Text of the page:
As part of his “Build Back Better” plan, President Joe Biden has promised to “advance racial equity across the American economy.” In her new book, “The Whiteness of Wealth,” Emory University law professor Dorothy Brown argues that meaningfully addressing the racial wealth gap will require wide-ranging reform of the U.S. tax code. Ryan Grim talks to Brown about what her research shows.
Ryan Grim: On today’s episode of Deconstructed, we’re going to be talking with Dorothy Brown, author of the new book “The Whiteness of Wealth,” on the history of race, inequality, and the tax code. The fight over the tax code is one of the main sticking points in the negotiations between Republicans and Democrats over the infrastructure package.
Before the Senate gets to a deal, though, the question of the filibuster is coming to a head.
In 10 years, if Democrats are permanently locked out of congressional power, with elections only held to determine the size of the Republican majority, historians will be able to look back at June 2021 as the month they let it slip away. Or, if they’ve averted that fate, this month could be why.
At a press conference earlier this week, Majority Leader Chuck Schumer laid out the month’s agenda. While he cited a number of specific priorities, it’s not hard to read between the lines and see that it’s the filibuster that is truly on the calendar.
Sen. Chuck Schumer: We have seen the limits of bipartisanship and the resurgence of Republican obstructionism.
RG: He cited obstruction of a tech funding bill that had bipartisan support yet ran into McConnell’s buzzsaw. He mentioned the January 6 commission, filibustered by Republicans.
CS: Senate Republicans, at the personal request of Leader McConnell, continue their brazen attempts to whitewash the events of January 6, by filibustering the House-passed, bipartisan January 6 Commission.
RG: Schumer then made the obligatory homage to bipartisanship, setting himself up as the one willing to work in good faith, while Republicans do nothing but obstruct.
CS: Senate Democrats are doing everything we can to move bipartisan legislation where the opportunity exists. But we will not wait for months and months to pass meaningful legislation that delivers real results for the American people. So, looking ahead, when the Senate reconvenes on June 7, we’ll force a vote on H.R. 7.
RG: H.R. 7 is the Paycheck Fairness Act, which Republicans had blocked during Obama’s second term. Schumer also plans to have a vote on the nomination of Judge Ketanji Brown Jackson to the D.C. Court of Appeals. Gun safety and LGBTQ equality legislation would also likely be on the schedule. In other words, lots of things Republicans will filibuster.
CS: And, finally, in the last week of the June work period, the week of June 21, the Senate will vote on S.1, the For the People Act, legislation vital to defending our democracy.
RG: The For the People Act, as we talked about in our episode back in February, would ban gerrymandering and override the voter suppression laws that Republicans are pushing at the state level. And experts say it needs to pass now to go into effect before the midterms. They can’t wait any longer.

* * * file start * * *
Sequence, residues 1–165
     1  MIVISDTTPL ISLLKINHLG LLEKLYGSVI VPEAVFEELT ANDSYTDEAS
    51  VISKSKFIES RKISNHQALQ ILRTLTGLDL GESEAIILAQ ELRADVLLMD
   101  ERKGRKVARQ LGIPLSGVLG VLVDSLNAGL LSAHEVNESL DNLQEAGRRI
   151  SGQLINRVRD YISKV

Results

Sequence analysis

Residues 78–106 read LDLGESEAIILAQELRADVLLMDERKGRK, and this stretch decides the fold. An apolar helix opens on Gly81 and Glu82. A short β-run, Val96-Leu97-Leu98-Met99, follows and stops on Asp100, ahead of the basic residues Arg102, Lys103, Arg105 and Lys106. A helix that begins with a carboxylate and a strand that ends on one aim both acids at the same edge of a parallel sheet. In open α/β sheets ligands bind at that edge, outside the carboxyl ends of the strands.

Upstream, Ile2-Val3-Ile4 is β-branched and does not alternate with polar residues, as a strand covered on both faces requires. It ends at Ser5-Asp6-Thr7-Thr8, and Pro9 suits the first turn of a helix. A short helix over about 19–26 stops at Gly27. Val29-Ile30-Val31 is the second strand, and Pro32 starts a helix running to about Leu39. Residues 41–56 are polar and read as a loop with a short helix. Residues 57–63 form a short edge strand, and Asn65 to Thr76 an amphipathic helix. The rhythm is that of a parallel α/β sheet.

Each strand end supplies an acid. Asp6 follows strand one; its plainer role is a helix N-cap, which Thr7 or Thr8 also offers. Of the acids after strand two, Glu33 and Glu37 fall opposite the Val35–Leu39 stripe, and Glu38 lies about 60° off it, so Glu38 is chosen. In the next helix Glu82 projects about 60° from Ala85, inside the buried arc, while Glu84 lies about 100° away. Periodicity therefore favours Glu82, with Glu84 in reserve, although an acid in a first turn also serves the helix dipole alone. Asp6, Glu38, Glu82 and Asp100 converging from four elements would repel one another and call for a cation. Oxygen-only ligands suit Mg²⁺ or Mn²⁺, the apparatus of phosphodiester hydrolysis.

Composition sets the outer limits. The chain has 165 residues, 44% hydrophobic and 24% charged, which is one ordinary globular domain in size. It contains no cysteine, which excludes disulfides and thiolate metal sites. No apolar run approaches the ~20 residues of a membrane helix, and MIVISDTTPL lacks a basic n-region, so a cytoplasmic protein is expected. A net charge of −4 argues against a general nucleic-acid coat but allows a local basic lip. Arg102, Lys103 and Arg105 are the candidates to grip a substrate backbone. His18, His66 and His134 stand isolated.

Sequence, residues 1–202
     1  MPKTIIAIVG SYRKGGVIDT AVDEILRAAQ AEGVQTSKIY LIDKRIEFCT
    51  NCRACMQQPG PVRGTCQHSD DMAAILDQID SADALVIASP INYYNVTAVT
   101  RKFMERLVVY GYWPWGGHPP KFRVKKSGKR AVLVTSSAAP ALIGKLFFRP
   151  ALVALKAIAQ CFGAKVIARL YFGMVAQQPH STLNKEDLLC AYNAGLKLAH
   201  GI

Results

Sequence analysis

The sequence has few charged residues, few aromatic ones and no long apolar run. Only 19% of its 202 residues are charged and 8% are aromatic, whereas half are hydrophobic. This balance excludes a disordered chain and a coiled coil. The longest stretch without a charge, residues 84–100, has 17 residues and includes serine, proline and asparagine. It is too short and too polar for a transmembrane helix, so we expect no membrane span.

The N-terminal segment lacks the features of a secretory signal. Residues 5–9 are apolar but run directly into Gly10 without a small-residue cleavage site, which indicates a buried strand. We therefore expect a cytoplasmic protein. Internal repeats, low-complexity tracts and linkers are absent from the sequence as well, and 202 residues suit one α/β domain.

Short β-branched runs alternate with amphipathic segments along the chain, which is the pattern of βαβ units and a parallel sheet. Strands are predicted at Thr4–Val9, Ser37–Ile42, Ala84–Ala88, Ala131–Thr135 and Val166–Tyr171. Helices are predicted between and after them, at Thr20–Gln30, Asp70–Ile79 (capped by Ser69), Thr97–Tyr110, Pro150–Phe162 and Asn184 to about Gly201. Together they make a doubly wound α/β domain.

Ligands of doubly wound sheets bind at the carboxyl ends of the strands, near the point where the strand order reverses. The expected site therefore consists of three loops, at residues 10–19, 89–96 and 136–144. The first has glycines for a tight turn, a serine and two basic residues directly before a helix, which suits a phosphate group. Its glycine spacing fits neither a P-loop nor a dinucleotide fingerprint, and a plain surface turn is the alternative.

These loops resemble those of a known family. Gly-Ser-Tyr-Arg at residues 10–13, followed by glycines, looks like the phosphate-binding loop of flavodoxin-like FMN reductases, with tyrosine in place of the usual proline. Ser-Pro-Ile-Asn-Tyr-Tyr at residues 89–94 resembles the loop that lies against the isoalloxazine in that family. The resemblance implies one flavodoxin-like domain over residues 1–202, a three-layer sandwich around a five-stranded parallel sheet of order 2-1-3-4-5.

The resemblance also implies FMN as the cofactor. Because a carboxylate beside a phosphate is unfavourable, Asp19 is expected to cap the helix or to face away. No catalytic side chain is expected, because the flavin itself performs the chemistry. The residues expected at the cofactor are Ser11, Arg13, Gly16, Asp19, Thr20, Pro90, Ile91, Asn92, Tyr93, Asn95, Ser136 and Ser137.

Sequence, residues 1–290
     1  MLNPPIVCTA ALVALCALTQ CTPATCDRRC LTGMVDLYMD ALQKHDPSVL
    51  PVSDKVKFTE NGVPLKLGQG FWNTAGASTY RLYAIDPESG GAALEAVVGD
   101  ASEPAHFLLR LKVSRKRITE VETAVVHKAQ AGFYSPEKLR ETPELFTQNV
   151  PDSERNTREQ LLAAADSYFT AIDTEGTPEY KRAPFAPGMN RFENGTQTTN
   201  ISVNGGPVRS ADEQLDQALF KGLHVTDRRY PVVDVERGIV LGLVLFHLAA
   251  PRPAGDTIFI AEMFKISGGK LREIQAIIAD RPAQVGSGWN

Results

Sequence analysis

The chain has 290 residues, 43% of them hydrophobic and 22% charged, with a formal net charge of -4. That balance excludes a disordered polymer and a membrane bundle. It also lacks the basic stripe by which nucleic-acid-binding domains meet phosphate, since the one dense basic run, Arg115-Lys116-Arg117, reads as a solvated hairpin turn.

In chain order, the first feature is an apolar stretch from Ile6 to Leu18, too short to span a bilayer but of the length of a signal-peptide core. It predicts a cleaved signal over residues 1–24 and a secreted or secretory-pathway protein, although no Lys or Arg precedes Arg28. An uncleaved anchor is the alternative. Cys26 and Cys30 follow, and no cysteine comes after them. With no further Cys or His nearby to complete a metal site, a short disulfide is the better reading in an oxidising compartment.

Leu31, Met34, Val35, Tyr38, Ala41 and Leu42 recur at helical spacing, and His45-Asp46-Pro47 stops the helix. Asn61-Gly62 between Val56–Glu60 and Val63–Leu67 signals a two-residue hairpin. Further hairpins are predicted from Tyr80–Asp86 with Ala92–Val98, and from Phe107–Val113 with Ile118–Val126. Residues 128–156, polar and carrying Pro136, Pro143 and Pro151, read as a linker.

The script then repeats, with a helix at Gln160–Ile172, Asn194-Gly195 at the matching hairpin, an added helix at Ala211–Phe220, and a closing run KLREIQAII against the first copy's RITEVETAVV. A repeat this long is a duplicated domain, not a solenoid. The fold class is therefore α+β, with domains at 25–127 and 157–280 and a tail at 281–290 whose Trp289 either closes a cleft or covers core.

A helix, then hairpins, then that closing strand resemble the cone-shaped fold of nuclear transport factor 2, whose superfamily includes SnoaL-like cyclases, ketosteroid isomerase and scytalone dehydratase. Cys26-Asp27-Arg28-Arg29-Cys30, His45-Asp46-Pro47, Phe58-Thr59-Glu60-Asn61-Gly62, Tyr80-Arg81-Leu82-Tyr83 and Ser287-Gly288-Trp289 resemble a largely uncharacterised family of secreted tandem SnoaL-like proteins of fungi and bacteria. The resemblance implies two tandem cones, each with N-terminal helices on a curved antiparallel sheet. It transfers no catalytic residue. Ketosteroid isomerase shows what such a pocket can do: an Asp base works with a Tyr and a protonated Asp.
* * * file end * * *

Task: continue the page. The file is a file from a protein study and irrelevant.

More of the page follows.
CS: So, as the president continues to discuss infrastructure legislation with Senate Republicans, our committees are going to hold hearings and continue their work on Build Back Better with or without the support of Republican centers […] The American people gave us a Democratic Senate to produce big and bold change on the major issues confronting us. And that is what we are doing.
RG: Joe Biden zeroed in on June in a speech Tuesday evening in Tulsa.
President Joseph R. Biden: June should be a month of action on Capitol Hill. Earlier this year, the House of Representatives passed the For the People Act to protect our democracy. The Senate will take up later this month, and I’m going to fight like heck with every tool at my disposal for its passage. The House is also working on the John Lewis Voting Rights Act, which is critical to providing new legal pulls [applause] to combat the new assault on the right to vote. But it’s going to take a hell of a lot of work.
RG: Of course, the plan Biden’s laying out there is easier said than done. But this has been the strategy Sen. Schumer has telegraphed from the beginning: Get what he can get through reconciliation, then start ramming popular items against the wall of the filibuster in the hopes that Sen. Manchin will join in knocking it over.
Ending the filibuster was always going to be a multi-stage process. Adam Jentleson, author of the book “Kill Switch,” on the history of the filibuster, joined us back in February, and talked about it unfolding in multiple acts.
Adam Jentleson: By late spring, early summer, you’re going to have a pile of must-pass legislation that’s not going anywhere. And senators are going to face a choice between reforming the rules, and giving up, essentially, on the Biden administration a few months in.
RG: Act I was getting filibuster reform on the agenda and getting most of the Democratic Caucus TL behind it. That happened early on, with even Joe Manchin agreeing that the silent filibuster needed to end, and perhaps should be replaced by a talking filibuster. He backtracked under pressure — but that’s all part of Act I.